The reason it’s so hard to take a really good shot of a flower is that it’s so easy to take a good shot of a flower.

There are a bazillion shots of flower that are all good, that all look just like your shot. Your shot doesn’t stand out, nothing makes it remarkable, special. After all “good” and “bad” are qualitative terms, not quantitative. It’s graded on a curve. Something is only good if it’s substantially better than most of the pack.

I’m passing on self-propelled flowers for now

So after two shoots I ended up with a bunch of perfectly acceptable and fairly average shots of butterflies. The best I got, I think, was a shot of a moth on some peeling bark, nicely backlit.

Cecropia Moth

1/90th at f5.6 on ISO 400 with 200mm focal length

I suspect the way to get some truly stunning butterfly shots is to actually shoot them in the air — midflight, perfectly in focus and with their wings spread just so.

I do not have the patience for that. Not nearly. And I’m not sure the nice people guarding the butterfly garden and herding children away would have the patience for me to sit there that long either. So for the time being I’ve decided to take my revenge on the damned butterflies the old fashioned way: by outliving them.

Strobe Misadventures, Part 3: Strobe Flash Duration Answers

In part 1 I got some new monolight strobes and saw some strange results suggesting the flash duration was much longer than the 1/600th – 1/1,000th that was listed. In part 2 we did some crude testing of the strobe flash duration and verified that yes, it was indeed the flash duration and not something else that was off.

After the strobe testing I finally did some research and discovered the answer: yes the strobe flash duration was much shorter than it seemed it should have been, and the reason has to do with the way that manufacturers measure the flash duration.

Flash Duration – T.5 vs T.1

When a flash goes off, it gets up to 100% brightness really fast, then trails off mush more slowly. Because you can never say for certain exactly where the point is that you’re back to ambient light, flash durations are measured in terms of how long they are over a certain percentage of their brightness.

Most manufactures measure flash duration as T.5, or the duration that the flash is over 50% of its brightness — the amount of time from half brightness to full brightness and back to half brightness again. The problem with this is that the flash curve gets really long on the tail end, and even though it’s less than 50% of maximum brightness, that’s still plenty of light to expose.

The more accurate measurement in terms of establishing the stop motion capabilities of the flash is T.1 — the duration of time that the flash is 10% brightness or greater. This is about three times as long as the T.5 measurement.

Monolight Flash Duration, T.1 vs T.5 measurements.

Thus that 1/600th flash duration, as reported my the manufacturer, is suddenly only a 1/200th or so duration. Plenty slow enough for motion blur, especially if you’re using a longer focal length.

Furthermore, for most monolight strobes — like my lovely Flashpoint 1820a — when you turn the power down (as I was) you actually get a longer duration, not a shorter one like you might think.

The Monolight Strobe Solution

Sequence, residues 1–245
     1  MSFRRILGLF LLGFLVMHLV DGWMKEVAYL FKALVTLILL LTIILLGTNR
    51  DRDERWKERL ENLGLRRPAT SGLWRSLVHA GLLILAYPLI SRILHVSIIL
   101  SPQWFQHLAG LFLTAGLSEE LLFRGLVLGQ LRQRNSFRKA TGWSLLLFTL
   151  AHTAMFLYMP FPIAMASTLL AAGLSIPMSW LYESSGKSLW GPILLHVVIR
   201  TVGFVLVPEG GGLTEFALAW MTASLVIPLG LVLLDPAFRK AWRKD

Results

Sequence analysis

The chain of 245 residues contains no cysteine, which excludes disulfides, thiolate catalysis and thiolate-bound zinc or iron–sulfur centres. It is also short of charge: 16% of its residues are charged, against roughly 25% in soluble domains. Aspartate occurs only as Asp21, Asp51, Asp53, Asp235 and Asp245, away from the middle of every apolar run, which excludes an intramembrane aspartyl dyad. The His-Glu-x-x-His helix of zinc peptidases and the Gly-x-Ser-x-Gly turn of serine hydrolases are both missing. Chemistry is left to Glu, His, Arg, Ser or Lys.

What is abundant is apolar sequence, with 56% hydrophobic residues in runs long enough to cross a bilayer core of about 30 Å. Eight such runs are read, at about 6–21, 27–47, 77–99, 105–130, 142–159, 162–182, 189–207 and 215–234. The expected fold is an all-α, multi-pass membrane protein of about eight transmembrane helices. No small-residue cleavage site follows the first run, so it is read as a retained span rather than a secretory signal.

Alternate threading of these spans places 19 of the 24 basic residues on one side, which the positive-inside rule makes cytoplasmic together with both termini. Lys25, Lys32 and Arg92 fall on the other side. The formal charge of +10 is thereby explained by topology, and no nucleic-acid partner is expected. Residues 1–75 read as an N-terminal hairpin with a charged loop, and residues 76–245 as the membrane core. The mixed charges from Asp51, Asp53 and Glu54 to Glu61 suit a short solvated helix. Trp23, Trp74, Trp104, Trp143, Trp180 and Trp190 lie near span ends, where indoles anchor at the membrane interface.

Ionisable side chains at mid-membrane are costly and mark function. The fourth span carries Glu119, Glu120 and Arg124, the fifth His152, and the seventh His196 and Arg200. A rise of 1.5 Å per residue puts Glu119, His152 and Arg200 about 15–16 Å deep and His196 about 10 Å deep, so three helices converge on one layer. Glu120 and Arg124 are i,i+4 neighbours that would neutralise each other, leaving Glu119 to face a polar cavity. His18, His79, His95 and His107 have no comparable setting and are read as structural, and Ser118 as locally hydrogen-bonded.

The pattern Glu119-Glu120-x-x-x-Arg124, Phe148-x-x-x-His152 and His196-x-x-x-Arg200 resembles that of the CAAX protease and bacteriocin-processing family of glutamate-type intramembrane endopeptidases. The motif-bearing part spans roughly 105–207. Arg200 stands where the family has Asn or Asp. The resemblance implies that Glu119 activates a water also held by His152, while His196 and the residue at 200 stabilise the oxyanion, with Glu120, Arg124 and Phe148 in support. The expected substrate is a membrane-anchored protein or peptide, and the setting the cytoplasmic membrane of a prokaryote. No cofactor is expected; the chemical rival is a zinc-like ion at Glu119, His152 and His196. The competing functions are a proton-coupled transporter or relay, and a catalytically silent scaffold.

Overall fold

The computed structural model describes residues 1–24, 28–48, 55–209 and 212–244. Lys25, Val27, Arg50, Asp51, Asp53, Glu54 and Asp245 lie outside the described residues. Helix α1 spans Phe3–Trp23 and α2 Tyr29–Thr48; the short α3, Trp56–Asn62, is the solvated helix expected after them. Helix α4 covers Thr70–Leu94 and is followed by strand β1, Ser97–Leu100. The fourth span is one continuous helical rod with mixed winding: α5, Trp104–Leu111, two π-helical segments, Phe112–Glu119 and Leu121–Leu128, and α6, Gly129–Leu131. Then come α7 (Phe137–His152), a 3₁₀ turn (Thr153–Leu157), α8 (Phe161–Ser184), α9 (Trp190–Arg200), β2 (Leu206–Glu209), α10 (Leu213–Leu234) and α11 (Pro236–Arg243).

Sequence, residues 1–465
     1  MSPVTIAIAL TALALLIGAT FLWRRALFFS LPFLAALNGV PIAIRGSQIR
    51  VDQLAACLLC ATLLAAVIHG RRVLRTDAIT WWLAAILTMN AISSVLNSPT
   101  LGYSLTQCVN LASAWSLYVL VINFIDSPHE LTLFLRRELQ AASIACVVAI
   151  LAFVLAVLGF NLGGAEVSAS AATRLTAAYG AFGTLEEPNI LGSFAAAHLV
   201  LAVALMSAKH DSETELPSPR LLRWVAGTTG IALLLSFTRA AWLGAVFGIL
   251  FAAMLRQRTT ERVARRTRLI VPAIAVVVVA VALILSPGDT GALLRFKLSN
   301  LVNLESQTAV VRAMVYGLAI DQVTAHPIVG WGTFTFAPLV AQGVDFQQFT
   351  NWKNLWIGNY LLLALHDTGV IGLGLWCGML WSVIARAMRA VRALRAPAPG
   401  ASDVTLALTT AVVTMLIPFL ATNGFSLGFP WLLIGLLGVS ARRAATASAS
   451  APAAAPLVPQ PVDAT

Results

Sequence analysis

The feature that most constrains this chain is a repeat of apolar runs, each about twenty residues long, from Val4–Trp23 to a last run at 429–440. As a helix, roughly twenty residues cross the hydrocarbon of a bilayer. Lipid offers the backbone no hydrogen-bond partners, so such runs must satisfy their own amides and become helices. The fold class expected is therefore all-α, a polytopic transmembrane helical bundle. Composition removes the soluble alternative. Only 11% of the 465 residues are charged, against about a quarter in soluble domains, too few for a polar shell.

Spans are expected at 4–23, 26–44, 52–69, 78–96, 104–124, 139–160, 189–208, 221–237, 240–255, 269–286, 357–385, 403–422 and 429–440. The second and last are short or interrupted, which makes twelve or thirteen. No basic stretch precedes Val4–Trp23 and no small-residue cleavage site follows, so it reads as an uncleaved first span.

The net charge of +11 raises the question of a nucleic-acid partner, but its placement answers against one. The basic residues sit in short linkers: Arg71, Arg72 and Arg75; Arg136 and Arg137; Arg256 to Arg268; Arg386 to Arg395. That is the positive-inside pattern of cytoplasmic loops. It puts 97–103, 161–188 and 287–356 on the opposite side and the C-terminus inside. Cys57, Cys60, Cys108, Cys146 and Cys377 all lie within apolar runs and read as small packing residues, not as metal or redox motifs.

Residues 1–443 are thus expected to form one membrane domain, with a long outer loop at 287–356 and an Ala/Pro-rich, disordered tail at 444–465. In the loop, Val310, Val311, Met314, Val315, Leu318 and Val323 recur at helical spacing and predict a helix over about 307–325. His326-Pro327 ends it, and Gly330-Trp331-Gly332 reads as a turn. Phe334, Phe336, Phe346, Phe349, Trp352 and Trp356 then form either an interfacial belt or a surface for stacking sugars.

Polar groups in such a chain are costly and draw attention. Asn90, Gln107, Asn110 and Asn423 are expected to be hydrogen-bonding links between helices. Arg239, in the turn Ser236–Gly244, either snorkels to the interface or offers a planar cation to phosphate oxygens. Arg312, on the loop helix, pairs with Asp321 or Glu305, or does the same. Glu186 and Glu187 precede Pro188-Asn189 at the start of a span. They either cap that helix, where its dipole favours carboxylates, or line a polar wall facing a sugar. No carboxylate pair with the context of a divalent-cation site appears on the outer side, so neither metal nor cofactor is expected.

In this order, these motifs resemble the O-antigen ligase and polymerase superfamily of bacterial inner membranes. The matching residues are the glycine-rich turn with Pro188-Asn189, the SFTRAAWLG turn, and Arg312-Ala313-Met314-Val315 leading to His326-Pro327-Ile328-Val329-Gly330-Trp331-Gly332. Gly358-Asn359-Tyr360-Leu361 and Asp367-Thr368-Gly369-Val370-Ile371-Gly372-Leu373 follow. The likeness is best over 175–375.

There are basically three solutions here. Firstly you can just get yet faster strobes. Be sure to check the T.1 rating on them so you know how fast they’ll really be. Of course faster strobes tend to be far more expensive. If you want really, really fastness, you’ll want to use flash heads (but that’s a whole series of stuff for another day).

If getting much more expensive strobes isn’t a great solution (which it is not for me) then solution #2 is just to put the camera on a tripod, which you should really be in the habit of doing anyway, even if that’s a habit that I’ve never developed.

Finally we have the WoodJr solution, which is to go to the max sync speed of my camera. I had been shooting with the default flash shutter speed, which for some reason my D200 thought should be 1/30th of a second. However, the maximum sync speed of the D200 is actually 1/250th of a second. While this isn’t blindingly fast, it’s plenty fast to avoid any hand-shake blur. In effect it’s just cutting off the tail end of the strobe (and I had to turn the strobes up / open the aperture to compensate) but I still got great, even, consistent lighting every shot.

Once I popped my camera to 1/250th I went back into the studio and had no more hand shake blur issues at all, and I’m back to loving my strobes to death.

1/250th at f10 on ISO 100 with 38mm focal length

1/250th at f9 on ISO 100 with 26mm focal length

Strobe Misadventures, Part 2

Having established in Strobe Misadventures Part 1 that something was amiss with my focus, I promptly set out to do some testing to find out what it was. The focus could be off on my camera. I could be blitheringly unable to use the auto-focus. The flash duration of the strobes could be insanely slower than reported. Or I could be so hyped up from years of over-imbibing caffeine that my hands shake violently in a way my shell-shocked brain refuses to acknowledge.

It seemed to me the easiest thing to cross of the list was the flash duration of the strobes. Admittedly, this also gave me the chance to play with them some more, which may have influenced the decision.

I grabbed some paper from the printer and jotted down a handful of crude tests then grabbed a friend to hold them for me and be blinded by a series of flashes. My concept here was simple: take a control shot with the camera on the tripod. Then, with the camera still mounted on the tripod, have the model move her hand around and different speeds, to verify that we’re getting no blur there. Then take the camera off the tripod and take some shots with spastic, over-exaggerated shaky hands.

This isn’t the most scientific experiment here: my definitions of speed include “fast, medium, slow.” But the point is a 1/600 – 1/1,000 of a second flash duration should easily stop anything but the speediest of hand motions.